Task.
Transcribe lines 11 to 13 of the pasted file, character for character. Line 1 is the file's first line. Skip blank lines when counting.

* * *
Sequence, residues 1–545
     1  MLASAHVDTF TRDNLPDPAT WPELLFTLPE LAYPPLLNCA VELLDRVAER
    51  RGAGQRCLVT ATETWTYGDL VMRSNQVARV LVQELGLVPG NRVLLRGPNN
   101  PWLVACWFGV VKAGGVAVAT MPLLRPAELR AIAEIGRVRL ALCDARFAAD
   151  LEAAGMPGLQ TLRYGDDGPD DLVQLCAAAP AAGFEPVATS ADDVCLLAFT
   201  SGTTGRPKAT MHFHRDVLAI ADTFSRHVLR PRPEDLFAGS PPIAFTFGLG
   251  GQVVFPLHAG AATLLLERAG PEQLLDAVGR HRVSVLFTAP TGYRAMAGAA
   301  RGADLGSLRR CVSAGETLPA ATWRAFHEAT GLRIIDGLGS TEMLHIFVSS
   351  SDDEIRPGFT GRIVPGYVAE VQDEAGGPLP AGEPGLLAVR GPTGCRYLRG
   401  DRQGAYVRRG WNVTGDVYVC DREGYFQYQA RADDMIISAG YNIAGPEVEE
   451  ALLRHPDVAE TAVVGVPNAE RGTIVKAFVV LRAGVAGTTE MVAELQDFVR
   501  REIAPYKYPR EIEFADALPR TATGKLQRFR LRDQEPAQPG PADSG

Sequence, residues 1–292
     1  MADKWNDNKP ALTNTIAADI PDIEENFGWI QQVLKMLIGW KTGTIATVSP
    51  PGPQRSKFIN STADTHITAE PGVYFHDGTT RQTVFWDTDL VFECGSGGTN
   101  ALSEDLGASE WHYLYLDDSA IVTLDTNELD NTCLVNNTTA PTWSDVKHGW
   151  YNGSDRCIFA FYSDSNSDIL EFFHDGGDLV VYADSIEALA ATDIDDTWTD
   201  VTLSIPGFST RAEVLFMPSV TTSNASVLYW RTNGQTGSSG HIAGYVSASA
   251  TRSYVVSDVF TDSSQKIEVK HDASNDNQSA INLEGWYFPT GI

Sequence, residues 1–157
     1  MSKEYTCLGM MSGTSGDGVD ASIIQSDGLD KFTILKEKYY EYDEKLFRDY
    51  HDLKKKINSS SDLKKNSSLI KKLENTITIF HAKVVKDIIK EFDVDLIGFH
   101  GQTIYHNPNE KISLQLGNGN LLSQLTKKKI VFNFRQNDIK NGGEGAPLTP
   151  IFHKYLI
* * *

   451  ALLRHPDVAE TAVVGVPNAE RGTIVKAFVV LRAGVAGTTE MVAELQDFVR
   501  REIAPYKYPR EIEFADALPR TATGKLQRFR LRDQEPAQPG PADSG

Sequence, residues 1–292